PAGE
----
MPMC

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Massively Parallel Monte Carlo
MPMC logo
MPMC logo
Original author(s) Jon Belof (currently at Lawrence Livermore National Laboratory),
MPMC development team, University of South Florida
Developer(s) University of South Florida
Initial release 2007; 11 years ago (2007)
Written in C, C++
Operating system Linux, macOS, all Unix
Platform IA-32, x86-64, NVidia CUDA
Available in English
Type Monte Carlo simulation
License GPL 3
Website github.com/mpmccode

Massively Parallel Monte Carlo (MPMC) is an Monte Carlo method package primarily designed to simulate liquids, molecular interfaces, and functionalized nanoscale materials. It was developed originally by Jon Belof and is now maintained by a group of researchers in the Department of Chemistry[1] and SMMARTT Materials Research Center[2] at the University of South Florida.[3] MPMC has been applied to the scientific research challenges of nanomaterials for clean energy, carbon sequestration, and molecular detection. Developed to run efficiently on the most powerful supercomputing platforms, MPMC can scale to extremely large numbers of CPUs or GPUs (with support provided for NVidia's CUDA architecture[4]). Since 2012, MPMC has been released as an open-source software project under the GNU General Public License (GPL) version 3, and the repository is hosted on GitHub.

History[edit]

MPMC was originally written by Jon Belof (then at the University of South Florida) in 2007 for applications toward the development of nanomaterials for hydrogen storage.[5] Since then MPMC has been released as an open source project and been extended to include a number of simulation methods relevant to statistical physics. The code is now further maintained by a group of researchers (Christian Cioce, Keith McLaughlin, Brant Tudor, Adam Hogan and Brian Space) in the Department of Chemistry and SMMARTT Materials Research Center at the University of South Florida.

Features[edit]

MPMC is optimized for the study of nanoscale interfaces. MPMC supports simulation of Coulomb and Lennard-Jones systems, many-body polarization,[6] coupled-dipole van der Waals,[7] quantum rotational statistics,[8] semi-classical quantum effects, advanced importance sampling methods relevant to fluids, and numerous tools for the development of intermolecular potentials.[9][10][11][12] The code is designed to efficiently run on high-performance computing resources, including the network of some of the most powerful supercomputers in the world made available through the National Science Foundation supported project Extreme Science and Engineering Discovery Environment (XSEDE).[13][14]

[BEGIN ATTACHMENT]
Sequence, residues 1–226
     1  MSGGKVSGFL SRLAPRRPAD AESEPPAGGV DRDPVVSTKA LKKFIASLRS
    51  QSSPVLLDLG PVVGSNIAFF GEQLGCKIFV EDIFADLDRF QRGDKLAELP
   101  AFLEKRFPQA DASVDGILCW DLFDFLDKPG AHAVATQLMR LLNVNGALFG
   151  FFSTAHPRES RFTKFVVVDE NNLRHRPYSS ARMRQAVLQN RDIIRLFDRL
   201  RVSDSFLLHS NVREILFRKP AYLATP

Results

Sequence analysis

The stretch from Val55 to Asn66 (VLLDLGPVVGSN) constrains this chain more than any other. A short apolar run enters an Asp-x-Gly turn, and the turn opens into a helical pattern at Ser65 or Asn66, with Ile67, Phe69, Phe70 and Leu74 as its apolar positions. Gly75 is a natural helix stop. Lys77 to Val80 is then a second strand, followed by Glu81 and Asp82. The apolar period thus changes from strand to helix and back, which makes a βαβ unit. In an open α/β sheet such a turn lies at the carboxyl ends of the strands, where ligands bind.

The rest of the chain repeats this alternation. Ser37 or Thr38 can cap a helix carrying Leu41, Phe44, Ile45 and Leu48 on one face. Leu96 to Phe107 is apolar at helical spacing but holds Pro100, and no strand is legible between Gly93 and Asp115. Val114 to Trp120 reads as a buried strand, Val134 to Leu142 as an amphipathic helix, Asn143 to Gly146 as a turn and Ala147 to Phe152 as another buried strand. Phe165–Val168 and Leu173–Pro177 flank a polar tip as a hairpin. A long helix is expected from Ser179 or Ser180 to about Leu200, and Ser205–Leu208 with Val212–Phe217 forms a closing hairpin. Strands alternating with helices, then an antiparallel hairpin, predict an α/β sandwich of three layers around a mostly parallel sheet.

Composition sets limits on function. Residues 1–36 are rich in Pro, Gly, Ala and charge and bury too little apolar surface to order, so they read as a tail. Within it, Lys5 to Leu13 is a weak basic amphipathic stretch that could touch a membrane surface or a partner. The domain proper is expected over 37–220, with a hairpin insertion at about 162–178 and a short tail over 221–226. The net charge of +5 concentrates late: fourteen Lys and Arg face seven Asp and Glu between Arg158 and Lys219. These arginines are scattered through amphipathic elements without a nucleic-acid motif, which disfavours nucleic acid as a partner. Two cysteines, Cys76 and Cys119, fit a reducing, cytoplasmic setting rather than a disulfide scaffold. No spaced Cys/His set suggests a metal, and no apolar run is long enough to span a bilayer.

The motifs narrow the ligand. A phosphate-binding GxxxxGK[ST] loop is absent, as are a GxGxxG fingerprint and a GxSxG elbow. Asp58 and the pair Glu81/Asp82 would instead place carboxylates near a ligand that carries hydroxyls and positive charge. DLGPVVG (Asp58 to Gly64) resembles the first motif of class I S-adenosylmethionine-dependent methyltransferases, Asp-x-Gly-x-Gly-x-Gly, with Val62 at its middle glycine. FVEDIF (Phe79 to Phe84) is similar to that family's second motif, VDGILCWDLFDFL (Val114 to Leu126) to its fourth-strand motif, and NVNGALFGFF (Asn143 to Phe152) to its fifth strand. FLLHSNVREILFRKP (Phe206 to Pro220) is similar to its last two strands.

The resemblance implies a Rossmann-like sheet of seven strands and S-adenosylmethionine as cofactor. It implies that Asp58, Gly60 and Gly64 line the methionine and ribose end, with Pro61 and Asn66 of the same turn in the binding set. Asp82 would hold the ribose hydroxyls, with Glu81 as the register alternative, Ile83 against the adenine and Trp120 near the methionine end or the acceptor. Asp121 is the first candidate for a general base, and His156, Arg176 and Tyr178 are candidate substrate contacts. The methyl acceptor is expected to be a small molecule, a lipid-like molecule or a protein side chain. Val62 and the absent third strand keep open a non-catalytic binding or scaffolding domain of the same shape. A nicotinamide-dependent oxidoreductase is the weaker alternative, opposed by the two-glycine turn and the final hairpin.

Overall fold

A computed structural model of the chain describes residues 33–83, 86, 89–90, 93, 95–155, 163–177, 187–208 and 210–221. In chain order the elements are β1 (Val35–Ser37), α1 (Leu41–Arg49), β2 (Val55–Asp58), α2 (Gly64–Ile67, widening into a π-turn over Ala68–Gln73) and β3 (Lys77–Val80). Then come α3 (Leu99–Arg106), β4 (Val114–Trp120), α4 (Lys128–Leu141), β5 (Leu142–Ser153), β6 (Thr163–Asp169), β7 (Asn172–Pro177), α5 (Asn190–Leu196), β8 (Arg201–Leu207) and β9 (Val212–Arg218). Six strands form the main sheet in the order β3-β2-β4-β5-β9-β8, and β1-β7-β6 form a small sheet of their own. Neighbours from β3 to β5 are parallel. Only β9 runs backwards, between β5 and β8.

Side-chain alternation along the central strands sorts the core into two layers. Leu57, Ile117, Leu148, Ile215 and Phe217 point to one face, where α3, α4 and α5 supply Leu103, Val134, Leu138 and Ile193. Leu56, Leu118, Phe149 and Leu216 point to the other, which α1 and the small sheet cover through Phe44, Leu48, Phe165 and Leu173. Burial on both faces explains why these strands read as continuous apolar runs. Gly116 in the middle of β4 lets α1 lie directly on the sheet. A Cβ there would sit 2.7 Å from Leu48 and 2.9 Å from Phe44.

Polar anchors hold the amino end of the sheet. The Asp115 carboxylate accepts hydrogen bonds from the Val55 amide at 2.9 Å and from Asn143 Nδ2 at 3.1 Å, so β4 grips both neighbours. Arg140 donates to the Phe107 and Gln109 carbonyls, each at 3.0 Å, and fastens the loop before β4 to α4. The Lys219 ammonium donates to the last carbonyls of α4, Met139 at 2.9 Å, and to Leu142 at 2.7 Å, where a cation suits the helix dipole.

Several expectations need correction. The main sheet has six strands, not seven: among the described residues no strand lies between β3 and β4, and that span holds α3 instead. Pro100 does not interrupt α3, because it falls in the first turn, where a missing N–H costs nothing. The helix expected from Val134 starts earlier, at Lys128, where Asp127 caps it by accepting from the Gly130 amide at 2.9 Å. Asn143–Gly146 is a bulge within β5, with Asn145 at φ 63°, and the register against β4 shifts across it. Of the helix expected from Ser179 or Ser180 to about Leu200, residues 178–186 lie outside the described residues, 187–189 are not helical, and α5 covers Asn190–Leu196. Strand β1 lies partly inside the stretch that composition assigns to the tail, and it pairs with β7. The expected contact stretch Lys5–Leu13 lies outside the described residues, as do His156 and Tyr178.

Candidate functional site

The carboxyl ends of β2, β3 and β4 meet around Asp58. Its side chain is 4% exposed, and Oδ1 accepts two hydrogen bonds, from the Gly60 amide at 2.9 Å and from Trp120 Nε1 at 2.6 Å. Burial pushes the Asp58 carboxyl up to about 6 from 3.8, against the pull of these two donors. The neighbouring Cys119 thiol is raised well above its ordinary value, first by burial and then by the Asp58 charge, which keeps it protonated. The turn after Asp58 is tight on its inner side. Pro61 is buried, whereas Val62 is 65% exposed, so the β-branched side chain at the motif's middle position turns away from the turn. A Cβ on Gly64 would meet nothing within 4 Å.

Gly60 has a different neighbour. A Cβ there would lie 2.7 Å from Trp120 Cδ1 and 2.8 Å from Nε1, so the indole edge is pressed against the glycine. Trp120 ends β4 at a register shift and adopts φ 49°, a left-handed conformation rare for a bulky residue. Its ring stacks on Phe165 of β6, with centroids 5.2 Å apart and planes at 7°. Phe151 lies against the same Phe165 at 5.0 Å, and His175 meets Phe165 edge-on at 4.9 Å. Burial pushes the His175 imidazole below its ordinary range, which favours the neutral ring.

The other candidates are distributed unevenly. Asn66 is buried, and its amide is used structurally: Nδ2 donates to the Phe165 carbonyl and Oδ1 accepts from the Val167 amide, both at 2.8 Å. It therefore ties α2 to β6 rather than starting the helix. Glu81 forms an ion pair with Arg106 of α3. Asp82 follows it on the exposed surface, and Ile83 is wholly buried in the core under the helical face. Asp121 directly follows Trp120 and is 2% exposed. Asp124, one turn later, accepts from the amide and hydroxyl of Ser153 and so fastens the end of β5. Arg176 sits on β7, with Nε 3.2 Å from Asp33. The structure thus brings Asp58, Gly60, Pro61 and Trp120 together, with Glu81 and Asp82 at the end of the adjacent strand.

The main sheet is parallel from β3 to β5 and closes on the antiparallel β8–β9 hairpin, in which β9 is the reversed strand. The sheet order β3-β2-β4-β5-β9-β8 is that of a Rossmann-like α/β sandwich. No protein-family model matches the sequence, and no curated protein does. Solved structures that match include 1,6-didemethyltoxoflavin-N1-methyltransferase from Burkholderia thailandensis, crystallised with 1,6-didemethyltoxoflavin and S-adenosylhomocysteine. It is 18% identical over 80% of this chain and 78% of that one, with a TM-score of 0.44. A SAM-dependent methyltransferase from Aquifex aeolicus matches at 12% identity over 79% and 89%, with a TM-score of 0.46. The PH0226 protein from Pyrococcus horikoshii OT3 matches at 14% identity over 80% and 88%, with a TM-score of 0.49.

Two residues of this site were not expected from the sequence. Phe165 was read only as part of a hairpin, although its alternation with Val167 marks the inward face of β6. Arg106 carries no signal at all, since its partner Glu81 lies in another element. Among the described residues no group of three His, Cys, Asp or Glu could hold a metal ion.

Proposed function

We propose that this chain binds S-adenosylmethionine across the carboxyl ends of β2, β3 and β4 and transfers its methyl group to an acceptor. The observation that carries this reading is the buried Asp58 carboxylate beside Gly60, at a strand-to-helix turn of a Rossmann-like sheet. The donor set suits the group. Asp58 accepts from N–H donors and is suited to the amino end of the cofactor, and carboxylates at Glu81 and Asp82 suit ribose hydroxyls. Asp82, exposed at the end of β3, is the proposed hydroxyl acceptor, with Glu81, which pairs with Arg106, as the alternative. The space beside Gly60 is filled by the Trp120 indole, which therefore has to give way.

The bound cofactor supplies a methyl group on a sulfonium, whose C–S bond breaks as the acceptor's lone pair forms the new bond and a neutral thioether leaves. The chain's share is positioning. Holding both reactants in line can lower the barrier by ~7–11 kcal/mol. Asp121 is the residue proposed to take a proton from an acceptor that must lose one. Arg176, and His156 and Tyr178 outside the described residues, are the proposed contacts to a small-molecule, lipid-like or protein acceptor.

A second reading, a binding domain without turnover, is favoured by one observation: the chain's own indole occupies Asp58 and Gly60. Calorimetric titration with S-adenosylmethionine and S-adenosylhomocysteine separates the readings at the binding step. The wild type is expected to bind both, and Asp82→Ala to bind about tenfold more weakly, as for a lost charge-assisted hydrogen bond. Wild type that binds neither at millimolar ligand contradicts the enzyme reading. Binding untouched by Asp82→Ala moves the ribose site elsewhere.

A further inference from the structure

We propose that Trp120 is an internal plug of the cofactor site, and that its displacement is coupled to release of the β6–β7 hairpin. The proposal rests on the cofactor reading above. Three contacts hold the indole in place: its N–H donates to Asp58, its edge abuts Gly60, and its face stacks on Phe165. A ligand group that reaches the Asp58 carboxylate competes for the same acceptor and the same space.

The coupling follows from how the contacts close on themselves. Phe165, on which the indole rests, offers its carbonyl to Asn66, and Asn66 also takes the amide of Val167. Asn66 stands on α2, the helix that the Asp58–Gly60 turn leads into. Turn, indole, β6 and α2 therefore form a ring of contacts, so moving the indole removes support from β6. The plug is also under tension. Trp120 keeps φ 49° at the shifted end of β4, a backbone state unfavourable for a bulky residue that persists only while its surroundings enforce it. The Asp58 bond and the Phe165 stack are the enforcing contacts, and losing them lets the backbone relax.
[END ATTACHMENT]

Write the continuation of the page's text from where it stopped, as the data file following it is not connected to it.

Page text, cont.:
Applications[edit]

MPMC has been applied to the scientific challenges of discovering nanomaterials for clean energy applications,[15] capturing and sequestering carbon dioxide,[16] designing tailored organometallic materials for chemical weapons detection,[17] and quantum effects in cryogenic hydrogen for spacecraft propulsion.[18] Also simulated and published have been the solid, liquid, supercritical, and gaseous states of matter of nitrogen (N2)[11] and carbon dioxide (CO2).[12]

See also[edit]

References[edit]

  1. ^ University of South Florida, Department of Chemistry
  2. ^ University of South Florida, SMMARTT Materials Research Center
  3. ^ "MPMC". GitHub. 9 April 2015. Retrieved 9 April 2015. 
  4. ^ Brant Tudor; Brian Space (2013). "Solving the Many-Body Polarization Problem on GPUs: Application to MOFs". Journal of Computational Science Education. 4 (1): 30–34. doi:10.22369/issn.2153-4136/4/1/5.